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Estimation of binary choice models using repeated cross sections

(preliminary draft)

Jaya Krishnakumar and Thierno Balde

February 2015

Abstract

In this paper we discuss the estimation of a binary choice model with indi- vidual effects using a time series of independent cross-sections. We propose a new approach to parameterize the individual effects accounting for both ‘cohort effects’ that could be potentially correlated with the regressors, as well as purely individual effects. Drawing on Mundlak’s (1978) approach, and extending it to suit our setting, we express the ‘cohort effect’ as a linear function of the means of the explanatory variables. In a first setting, we assume that individuals’ choices are not observed and derive the probability that a certain number of individuals choose ‘1’ among the total number of individuals in a given cohort. Then we go on to the special case in which the individual choices are assumed to be ob- served. Based on the probabilities of cohort means, we estimate the model using the maximum likelihood method and implement it using a heuristic optimization technique (genetic algorithm). Finally, we carry out Monte Carlo simulations to analyze the finite-sample properties of our estimators, in terms of both bias and mean squared error (MSE).

Keywords: Binary choice, pseudo-panels, repeated cross-sections, cohort effects, maxi- mum likelihood

JEL Classification Codes: C23, C25, C51

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1 Introduction

In this paper we analyze a binary choice model with individual effects in the context of clustered data drawn from repeated cross-sectional data. The issue of non-linearity that is often problematic in panel data models with specific effects is exacerbated in this setting by a cohort-level analysis of the dependent variable due to the absence of true panel data, which are typically preferred in econometric studies.

Binary choice models are widely used today in the fields of economics, social sciences, political science, and also medical research. For example, assume we wish to study the participation of married women in the labor market. In this case, the dependent variable assumes one of two values, one (1) if the married woman is on the labor market and zero (0) if she is not. Researchers in labor economics suggest that the decision to participate is partly a function of observable characteristics, either of the individual, such as the education level and family income, or of the economy, such as the unemployment rate, and partly a function of factors that are not observable by the researcher. If these unobservable effects are correlated with the explanatory variables, the model cannot be identified without resorting to external instruments in a simple cross-sectional setting. However, if they are time invariant, the model can be identified using panel data. In another example, consider presidential elections in the United States, where there are two dominant political parties: Republicans and Democrats. The dependent variable is the choice of which of these two parties to vote for. Let us say that it assumes the value of one (1) if the chosen candidate is a Democrat, and zero (0) for a Republican. This issue has been the focus of much work by the economist Ray Fair of Yale University, with the publication “Econometrics and Presidential Elections,” and by other political scientists. Variables that are often used in voter choice models include the individual characteristics of voters, the inflation and unemployment rates, etc.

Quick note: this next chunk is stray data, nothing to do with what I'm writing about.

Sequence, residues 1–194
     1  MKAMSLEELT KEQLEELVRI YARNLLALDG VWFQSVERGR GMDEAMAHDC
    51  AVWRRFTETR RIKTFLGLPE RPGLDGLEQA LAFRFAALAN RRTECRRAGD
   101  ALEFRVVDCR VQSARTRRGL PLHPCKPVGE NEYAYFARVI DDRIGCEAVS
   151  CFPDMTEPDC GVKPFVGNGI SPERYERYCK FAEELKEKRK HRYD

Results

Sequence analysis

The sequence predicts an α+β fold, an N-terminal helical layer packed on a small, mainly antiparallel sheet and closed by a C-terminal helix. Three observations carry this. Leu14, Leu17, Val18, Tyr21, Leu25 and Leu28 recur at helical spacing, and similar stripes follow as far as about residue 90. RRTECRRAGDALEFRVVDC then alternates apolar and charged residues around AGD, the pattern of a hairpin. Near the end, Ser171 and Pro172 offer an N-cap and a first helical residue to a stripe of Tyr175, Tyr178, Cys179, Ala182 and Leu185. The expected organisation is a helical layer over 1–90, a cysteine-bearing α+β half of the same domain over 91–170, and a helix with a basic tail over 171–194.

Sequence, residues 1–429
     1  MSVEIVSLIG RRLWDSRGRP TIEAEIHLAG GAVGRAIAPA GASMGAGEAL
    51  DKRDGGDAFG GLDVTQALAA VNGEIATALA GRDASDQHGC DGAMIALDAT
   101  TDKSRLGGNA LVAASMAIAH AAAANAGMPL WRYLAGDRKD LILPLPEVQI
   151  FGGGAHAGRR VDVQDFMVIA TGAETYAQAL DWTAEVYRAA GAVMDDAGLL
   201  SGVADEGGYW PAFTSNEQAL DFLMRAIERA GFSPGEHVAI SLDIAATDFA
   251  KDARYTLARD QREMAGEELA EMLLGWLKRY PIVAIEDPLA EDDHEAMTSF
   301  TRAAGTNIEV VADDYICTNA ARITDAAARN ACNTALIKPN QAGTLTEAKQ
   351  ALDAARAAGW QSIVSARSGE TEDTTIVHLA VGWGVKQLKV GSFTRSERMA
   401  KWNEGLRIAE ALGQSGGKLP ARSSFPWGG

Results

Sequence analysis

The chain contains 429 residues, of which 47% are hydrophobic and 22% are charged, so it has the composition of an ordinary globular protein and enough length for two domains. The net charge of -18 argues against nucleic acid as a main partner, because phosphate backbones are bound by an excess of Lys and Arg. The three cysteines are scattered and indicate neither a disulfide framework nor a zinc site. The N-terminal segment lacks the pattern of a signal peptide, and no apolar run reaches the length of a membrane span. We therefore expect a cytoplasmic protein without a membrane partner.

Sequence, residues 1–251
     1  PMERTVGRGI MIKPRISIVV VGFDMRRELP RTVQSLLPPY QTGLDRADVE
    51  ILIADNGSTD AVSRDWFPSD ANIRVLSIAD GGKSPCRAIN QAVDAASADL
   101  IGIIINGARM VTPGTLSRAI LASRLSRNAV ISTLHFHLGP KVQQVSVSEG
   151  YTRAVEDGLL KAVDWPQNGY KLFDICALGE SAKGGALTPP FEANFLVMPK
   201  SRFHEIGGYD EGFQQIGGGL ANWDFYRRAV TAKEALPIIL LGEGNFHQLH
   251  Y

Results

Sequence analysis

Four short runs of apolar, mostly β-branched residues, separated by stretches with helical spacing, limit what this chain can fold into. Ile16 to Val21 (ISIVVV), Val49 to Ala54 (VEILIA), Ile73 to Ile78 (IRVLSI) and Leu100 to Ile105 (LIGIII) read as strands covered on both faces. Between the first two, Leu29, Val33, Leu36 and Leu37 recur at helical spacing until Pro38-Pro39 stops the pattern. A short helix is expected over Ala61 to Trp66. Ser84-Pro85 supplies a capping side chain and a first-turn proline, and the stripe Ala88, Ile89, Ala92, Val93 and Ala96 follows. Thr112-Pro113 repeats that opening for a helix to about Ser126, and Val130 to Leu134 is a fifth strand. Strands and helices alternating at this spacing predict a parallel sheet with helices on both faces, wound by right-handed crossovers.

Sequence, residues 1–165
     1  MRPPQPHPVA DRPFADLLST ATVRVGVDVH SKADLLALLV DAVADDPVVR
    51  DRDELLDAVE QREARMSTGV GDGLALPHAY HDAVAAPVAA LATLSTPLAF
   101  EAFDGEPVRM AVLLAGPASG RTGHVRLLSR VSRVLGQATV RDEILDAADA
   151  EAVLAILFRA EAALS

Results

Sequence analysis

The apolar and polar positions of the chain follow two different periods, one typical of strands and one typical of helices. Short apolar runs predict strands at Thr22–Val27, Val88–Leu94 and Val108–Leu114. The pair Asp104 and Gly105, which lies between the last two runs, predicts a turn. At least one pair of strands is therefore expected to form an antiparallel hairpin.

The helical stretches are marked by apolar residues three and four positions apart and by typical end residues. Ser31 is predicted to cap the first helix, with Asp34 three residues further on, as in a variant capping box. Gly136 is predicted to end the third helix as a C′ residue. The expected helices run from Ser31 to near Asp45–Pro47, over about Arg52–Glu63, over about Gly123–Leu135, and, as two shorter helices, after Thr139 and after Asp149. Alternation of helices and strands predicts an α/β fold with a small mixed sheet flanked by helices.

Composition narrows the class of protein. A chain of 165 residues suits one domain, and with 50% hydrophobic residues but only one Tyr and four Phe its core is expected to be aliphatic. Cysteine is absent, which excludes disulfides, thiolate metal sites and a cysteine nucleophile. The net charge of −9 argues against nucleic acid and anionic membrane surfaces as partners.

Despite widespread interest in these models, the binary dependent variable is often not available at the individual level. This is might be because information on individual choices are very costly to obtain or because the data provided to researchers is restricted owing to privacy concerns. Only aggregate data on choices at the group level are typi- cally published. The most common types of aggregate data are sums and proportions. In political science the behavior of the elector in an election is frequently cited as an example. Because of voters’ privacy rights, their individual choices are masked and we are only given information on the number of votes obtained by each candidate. In medical research, individual-level hospitalization data are usually protected, and only aggregate data (proportions) are accessible. If the explanatory variables for all indi- viduals in a given group are the same, then aggregated binary choice models are easy to estimate (Greene, 2004; Maddala, 1983). Conversely, if explanatory models assume different values from one individual in a group to the next, Miller and Plantinga (1999) recommend using group means of all variables to estimate the model. In this case, we lose some information by using the mean of the variables. Also, the interpretation of the estimated parameters is not at the individual, but rather at the group, level. Con-